Now we've got rid of that "every column of every row" problem, but replaced it with a correlated subquery.  So lets ditch that next:

select *
from Post p
where id in (
    select l.post_id
    from link_post_category l
      left join Category c on l.category_id = c.id
    where c.name like 'top%'
  )

Now the subquery is pulling back all the post_ids we want to retrieve (in one step), and the outer query is just doing a primary key lookup to grab those rows.  This is going to be crazy fast, but we still have that JOIN in there which makes the subquery kind of nasty.  One more revision:

select *
from Post p
where id in (
    select post_id
    from link_post_category
    where category_id in (
        select id
        from Category
        where name like 'top%'
      )
  )

With a pair of nested subqueries we're down to that LEGO-like ideal.  Starting at the innermost piece, we pull all the Categories that start with "top".  Then we find all the post_ids that are assigned those Categories.  Finally we pull all the Posts with those post_ids.  With MS SQL's query optimizer this will have the same performance characteristics as the prior version (i.e., crazy fast), but MySQL will unfortunately struggle a little bit.

Remember that final HQL query that won't actually execute on any DB I found?  Here's the SQL for it:

select *
from Post p
where any (
    select category_id
    from link_post_category
    where post_id = p.id
  ) in (
    select id
    from Category
    where name like 'top%'
  )

This is roughly equivalent to the second SQL version, but since it won't run, it's academic.

The SQL Way

If you're going to use SQL effectively, you have to think about SQL in it's terms, it's domain.  As a DSL, it's not designed to be a GPL.  It's designed to be used from a set theory perspective and expressed in a very structured fashion.  If you try to use it like a GPL you'll be able to get the job done, but you'll also get frustrated and build some really nasty queries that will be hard to maintain/reuse.  And then you'll hate SQL, and then you'll try to avoid it (and other query languages) at all cost, and really be missing out.

As an example, I challenge you to dig into the Hibernate Criteria API, which is a programmatic way of querying (i.e., an API for a GPL).  Try and create a Criteria query that expresses this question "what is the average age of males with either zero or two or more children" in a way that is even close to readable and concise.  Here is the HQL version (which is both readable and concise):

select avg(age)
from Person
where sex = 'male'
  and (children.size >= 2
    or children.size = 0
  )

As way of a hint, you'll need a few Restrictions instances along with a Projections instance, plus some glue bits.

Immutability

I mentioned the immutability of SQL data structures way back at the beginning, and now I'll follow through.  Obviously state can be changed via UPDATE, INSERT, and DELETE statements, but that's not what I mean.  When you're running a query you have the ability to create temporary data structures (typically subquery results).  They are immutable.  Even if you're using a "programming" SQL extension (e.g., T-SQL or PL/SQL), state is still typically immutable.  You can change variable references, but you can't go changing the objects they reference.

For example, if you have a rowset and want to add a new row, how do you do it?  You don't add a new row, you select the UNION of the current rowset and a new (very likely ad hoc) rowset containing the row to add.  This is a very different paradigm than most GPLs use, where state is typically mutable, at least for reference types.  Consider a Java List.  Calling .add(o) doesn't create a new List with the new item added to it, it just adds it to the existing list.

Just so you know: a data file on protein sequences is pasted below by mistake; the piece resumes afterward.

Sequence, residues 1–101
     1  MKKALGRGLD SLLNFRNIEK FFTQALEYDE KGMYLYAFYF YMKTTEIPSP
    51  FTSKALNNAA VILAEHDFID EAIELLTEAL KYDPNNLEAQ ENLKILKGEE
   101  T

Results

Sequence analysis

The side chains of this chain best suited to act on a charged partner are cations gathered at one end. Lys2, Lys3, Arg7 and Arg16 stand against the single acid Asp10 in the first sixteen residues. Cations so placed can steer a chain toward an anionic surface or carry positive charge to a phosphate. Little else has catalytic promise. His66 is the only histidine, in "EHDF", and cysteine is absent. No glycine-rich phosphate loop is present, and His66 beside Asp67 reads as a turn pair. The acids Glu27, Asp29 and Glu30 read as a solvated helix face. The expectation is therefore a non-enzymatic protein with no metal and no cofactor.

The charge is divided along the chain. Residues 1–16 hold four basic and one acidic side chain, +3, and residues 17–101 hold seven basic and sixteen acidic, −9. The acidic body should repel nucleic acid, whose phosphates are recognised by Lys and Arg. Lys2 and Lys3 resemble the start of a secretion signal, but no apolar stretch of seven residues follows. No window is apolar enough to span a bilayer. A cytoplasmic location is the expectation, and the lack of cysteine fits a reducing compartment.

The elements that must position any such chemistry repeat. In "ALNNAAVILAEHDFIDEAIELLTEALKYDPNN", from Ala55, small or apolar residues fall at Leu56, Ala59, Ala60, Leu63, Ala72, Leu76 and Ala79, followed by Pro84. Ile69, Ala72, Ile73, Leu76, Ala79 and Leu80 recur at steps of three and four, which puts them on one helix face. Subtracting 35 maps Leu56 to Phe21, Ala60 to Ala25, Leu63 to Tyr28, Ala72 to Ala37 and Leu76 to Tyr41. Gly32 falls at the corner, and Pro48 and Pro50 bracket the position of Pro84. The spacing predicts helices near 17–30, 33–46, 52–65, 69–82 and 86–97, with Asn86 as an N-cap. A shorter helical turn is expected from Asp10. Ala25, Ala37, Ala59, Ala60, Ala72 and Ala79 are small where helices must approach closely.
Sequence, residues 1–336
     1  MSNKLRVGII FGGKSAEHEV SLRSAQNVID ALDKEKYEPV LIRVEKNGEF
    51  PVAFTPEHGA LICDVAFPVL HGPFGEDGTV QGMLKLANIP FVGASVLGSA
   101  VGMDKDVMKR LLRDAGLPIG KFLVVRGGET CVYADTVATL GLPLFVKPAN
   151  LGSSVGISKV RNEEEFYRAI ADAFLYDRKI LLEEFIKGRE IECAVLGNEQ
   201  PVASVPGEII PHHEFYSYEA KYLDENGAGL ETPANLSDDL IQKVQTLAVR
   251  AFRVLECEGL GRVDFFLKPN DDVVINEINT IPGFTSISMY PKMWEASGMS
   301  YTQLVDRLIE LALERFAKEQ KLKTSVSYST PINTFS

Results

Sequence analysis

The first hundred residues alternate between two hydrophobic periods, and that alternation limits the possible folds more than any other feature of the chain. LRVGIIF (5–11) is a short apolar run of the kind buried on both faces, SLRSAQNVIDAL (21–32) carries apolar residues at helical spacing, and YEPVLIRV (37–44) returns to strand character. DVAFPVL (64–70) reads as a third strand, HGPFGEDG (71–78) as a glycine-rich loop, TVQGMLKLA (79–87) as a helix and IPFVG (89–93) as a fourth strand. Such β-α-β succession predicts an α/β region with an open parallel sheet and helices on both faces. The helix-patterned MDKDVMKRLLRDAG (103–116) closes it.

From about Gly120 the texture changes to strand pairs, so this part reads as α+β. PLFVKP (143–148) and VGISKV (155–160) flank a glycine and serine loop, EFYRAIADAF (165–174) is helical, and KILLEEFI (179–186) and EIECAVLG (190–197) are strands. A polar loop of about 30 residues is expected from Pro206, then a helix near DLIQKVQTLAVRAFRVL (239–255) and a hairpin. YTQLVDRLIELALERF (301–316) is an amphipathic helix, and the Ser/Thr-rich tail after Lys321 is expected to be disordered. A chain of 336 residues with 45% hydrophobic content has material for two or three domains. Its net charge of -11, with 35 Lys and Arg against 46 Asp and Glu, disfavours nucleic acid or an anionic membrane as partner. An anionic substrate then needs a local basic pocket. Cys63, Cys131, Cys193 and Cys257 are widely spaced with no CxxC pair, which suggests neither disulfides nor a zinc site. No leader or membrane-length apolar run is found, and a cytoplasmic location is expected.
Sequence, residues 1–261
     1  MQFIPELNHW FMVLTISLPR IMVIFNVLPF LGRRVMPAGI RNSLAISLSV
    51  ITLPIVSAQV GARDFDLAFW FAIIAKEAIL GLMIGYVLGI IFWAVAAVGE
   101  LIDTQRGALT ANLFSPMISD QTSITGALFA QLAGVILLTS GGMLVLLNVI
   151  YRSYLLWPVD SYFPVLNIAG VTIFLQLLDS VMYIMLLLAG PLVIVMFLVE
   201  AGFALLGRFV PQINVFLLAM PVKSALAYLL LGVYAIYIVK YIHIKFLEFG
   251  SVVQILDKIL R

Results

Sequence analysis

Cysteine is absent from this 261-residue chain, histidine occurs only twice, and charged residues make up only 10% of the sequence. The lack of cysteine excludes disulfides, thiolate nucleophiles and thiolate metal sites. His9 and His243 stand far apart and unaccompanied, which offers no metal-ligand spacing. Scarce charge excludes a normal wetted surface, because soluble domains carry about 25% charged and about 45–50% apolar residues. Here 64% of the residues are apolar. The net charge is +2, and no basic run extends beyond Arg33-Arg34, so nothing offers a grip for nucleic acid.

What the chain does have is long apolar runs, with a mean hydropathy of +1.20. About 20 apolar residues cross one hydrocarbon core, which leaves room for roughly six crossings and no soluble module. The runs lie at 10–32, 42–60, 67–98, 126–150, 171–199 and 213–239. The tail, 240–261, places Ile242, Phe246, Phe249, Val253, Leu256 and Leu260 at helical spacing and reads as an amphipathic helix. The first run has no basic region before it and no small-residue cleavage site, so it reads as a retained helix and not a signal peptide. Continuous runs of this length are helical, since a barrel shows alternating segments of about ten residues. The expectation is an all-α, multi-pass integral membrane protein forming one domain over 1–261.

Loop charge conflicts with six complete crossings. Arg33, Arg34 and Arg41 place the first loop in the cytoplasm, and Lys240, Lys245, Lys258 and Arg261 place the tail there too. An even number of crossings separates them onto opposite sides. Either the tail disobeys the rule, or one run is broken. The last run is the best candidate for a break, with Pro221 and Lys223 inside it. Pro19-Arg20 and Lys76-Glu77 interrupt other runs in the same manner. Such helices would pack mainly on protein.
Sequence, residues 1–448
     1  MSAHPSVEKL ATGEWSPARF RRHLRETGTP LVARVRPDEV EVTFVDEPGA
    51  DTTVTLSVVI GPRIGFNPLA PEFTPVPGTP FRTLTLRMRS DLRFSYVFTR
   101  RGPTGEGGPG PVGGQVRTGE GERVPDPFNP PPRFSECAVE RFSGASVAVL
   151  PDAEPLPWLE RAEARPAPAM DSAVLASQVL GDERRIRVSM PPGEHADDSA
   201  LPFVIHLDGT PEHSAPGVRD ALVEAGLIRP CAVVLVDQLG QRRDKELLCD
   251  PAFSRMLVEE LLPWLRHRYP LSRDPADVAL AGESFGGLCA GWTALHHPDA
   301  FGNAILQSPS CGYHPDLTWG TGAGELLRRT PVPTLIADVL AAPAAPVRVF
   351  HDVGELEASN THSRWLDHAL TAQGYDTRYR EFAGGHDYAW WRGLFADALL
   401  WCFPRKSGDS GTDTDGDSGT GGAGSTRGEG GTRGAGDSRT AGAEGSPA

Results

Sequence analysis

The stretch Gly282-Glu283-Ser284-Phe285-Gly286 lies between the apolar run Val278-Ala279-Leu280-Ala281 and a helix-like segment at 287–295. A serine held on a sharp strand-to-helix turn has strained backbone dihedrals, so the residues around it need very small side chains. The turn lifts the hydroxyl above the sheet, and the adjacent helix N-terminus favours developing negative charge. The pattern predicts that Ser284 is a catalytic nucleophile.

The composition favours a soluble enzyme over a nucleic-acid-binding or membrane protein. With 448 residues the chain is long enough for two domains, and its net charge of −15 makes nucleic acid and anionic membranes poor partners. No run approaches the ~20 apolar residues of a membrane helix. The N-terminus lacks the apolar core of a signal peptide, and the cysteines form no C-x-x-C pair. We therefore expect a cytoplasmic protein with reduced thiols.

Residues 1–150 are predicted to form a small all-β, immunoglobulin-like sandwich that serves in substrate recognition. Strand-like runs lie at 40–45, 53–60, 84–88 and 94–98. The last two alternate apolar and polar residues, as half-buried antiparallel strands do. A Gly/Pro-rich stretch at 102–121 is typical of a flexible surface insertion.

Functional languages are an exception, as many (most?) embrace the concept of immutable state (or zero side effect) which removes any need to consider concurrency, allows programs' behaviour to be "proven", etc.  In a zero side effect environment, calling .add(o) would create a new List with the new item added and return the new list (the original list would be discarded).  It's definitely a different approach to doing things from what most people are used to, but provides some incredibly powerful capabilities.

Stop Already

Ok, ok.  That ended up being about ten times longer than I intended.  I'm sorry.  But if you got this far you've hopefully grown a bit of an appreciation for SQL, or at least the knowledge that there might be something there to appreciate.  And do keep in mind that the examples I've given are all really simple.  The power of the "Structured" is sort of nice with queries just a few lines long, but it really shines when you're dealing with queries that stretch over hundreds of lines, especially when they're dynamically constructed.  That incredibly granular breakdown of functionality allows you to reuse bits and pieces very effectively, and the zero side effect nature means that you are guaranteed not to have some random side effect ruin your day.

4 responses to “Embrace Your [HS]QL”

  1. figital

    I love SQL. Especially the _R__ part. Pay attention to your indexing plans and you can do some amazing, speedy things. +1

  2. Jaime Metcher

    Another good one Barney – you're on fire these days! In fact I was moved to post a "me too" on my own blog.

  3. John Allen

    Sharp! I suck at SQL… I will get better as SQL, I will get better as SQL, I will get better as SQL.

  4. Jake Munson

    Awesome post. And somewhat similar to a post of mine from a year ago:
    http://techfeed.net/blog/index.cfm/2009/3/2/Embrace-JavaScript-and-SQL